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School transport report must be just the start of improvements, say parent campaigners

PUBLISHED: 12:51 05 February 2020 | UPDATED: 12:51 05 February 2020

The report into school transport policy implementation failings has been published. Picture: RACHEL EDGE

The report into school transport policy implementation failings has been published. Picture: RACHEL EDGE

RACHEL EDGE

Parents affected by school transport changes have said that the council’s report must only be the start of work to improve the situation in Suffolk.

Tristan Wood (far left) was among the Suffolk parents to have experienced problems with the new school transport policy. Picture: RACHEL EDGETristan Wood (far left) was among the Suffolk parents to have experienced problems with the new school transport policy. Picture: RACHEL EDGE

Suffolk County Council on Tuesday published its report into how the new school transport policy was implemented in September last year, finding 19 failings in the launch.

READ MORE: School transport appeals increase sixfold

Parents who experienced issues over split villages, siblings being sent to different schools and errors obtaining correct passes or spare seats have welcomed the report's findings, but said it must only be the start of improvement work.

Tristan Wood from Edwardstone was told his 11-year-old daughter Matilda would only qualify for free travel to Ormiston Sudbury Academy despite her older brother Jamie attending Thomas Gainsborough School.

They successfully appealed the decision.

Chief Fire Officer Mark Hardingham, who led the school transport review, said the findings would be used to make improvements alontgside work already ongoing.  Picture: SARAH LUCY BROWNChief Fire Officer Mark Hardingham, who led the school transport review, said the findings would be used to make improvements alontgside work already ongoing. Picture: SARAH LUCY BROWN

Mr Wood said: "I am grateful Mark Hardingham [chief fire officer who chaired the review] has listened - I welcome the fact that he has realised there were failings of the leadership, and I think that's a big part of this.

"We are the ones that have had to put up with what the council put in place and if they don't want this to happen again they have to look at these changes."

Fiona Macaulay, a Thurston parent who was also affected by the changes gave evidence to the review panel, and said: "The policy has led to a lot of these failings such as split siblings and split villages, and I am glad the report has a nod to that, but it's now about whether [cabinet member for education] Mary Evans does take some robust action in addressing these issues."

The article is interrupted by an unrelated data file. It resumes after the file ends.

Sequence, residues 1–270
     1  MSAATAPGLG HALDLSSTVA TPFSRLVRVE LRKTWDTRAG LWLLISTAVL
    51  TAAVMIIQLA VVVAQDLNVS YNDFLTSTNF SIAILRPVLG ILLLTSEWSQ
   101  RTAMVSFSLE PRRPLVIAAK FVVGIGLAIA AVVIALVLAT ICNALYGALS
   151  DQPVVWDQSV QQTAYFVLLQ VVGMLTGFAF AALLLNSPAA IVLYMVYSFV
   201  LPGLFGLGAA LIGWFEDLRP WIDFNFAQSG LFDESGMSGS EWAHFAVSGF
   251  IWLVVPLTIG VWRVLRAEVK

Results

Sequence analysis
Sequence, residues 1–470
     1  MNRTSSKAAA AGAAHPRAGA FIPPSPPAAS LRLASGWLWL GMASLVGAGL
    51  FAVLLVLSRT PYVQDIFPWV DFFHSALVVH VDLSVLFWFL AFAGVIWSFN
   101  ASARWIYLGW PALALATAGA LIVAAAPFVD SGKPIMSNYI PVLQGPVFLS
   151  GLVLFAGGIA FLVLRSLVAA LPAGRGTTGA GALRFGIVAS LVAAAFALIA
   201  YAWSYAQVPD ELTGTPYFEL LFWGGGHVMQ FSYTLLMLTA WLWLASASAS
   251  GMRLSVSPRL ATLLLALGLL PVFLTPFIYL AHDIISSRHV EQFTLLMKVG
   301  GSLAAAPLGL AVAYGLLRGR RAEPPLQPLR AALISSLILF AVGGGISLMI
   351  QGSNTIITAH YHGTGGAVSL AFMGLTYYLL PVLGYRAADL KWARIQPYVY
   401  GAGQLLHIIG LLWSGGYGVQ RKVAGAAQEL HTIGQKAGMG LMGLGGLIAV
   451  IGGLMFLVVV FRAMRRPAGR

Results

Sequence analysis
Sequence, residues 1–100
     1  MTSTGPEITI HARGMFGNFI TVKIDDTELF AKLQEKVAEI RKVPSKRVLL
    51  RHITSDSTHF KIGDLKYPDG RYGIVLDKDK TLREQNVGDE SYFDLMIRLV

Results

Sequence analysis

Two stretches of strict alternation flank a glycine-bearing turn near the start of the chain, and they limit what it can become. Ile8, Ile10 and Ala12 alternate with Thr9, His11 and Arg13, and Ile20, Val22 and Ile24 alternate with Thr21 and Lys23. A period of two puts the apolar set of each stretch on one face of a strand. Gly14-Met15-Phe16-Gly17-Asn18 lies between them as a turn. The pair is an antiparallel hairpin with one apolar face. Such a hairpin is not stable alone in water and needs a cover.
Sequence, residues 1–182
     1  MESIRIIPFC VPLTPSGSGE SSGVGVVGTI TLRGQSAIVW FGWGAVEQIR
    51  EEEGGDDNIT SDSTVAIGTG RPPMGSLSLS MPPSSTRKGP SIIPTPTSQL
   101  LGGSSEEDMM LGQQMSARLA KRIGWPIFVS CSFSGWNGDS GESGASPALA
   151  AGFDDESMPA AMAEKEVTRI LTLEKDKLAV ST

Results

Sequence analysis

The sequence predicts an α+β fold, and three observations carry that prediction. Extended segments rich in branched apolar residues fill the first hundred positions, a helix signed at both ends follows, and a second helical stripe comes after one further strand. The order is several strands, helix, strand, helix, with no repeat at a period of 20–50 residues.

Mrs Macaulay said that the three changes called for by the parent campaigners - an end to split villages, a sibling exemption and guaranteed spare seats - did not alter the policy fundamentally, and would not lead to increased costs, calling for a fresh look at those proposals.

She added: "The council don't want to be seen to back down but shouldn't it be about creating the right policy and right implementation for the needs of everybody?"

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READ MORE: Controversial school transport policy upheld by scrutiny committee

In his report, Mr Hardingham said that review was not about changes to the policy itself, only in how it was implemented, but acknowledged: "Many said it was impossible to completely divorce the policy changes from their experience of the implementation, and this was accepted as the review progressed".

He said the review was a starting point for improvements, and added: "There is an awful lot of work already underway, and we want to use the findings to add new pieces of work or make tweaks."

The policy introduced in September only provided funded travel to youngsters to their nearest school, and only if it was two miles or further away from their homes.

The report will be discussed by the council's scrutiny committee next week where the next steps will be outlined.

Liberal Democrat, Green and Independent reaction

Councillor Penny Otton, leader of the Liberal Democrat, Green and Independent group at Suffolk County Council, said: "When the Conservatives first suggested this policy, we warned them of these problems.

"We told them that there would be a huge rise in the number of applications and appeals, and that they needed to make sure there were enough staff in place to cope.

"We warned them of the problems that would arise from the illogical decision to split siblings and villages between different schools.

"These problems aren't just due to the implementation - the policy itself is inherently flawed. It was completely irresponsible of the Conservatives to push forward without first resolving any of these issues.

"Given these numerous failings, I would seriously question whether the policy will actually achieve any of the savings it was meant to.

"Although it's good these issues have now been acknowledged, it is shameful that such a poorly thought-through policy was ever agreed in the first place.

"I think it's about the time the Conservatives finally reconsidered the whole policy."


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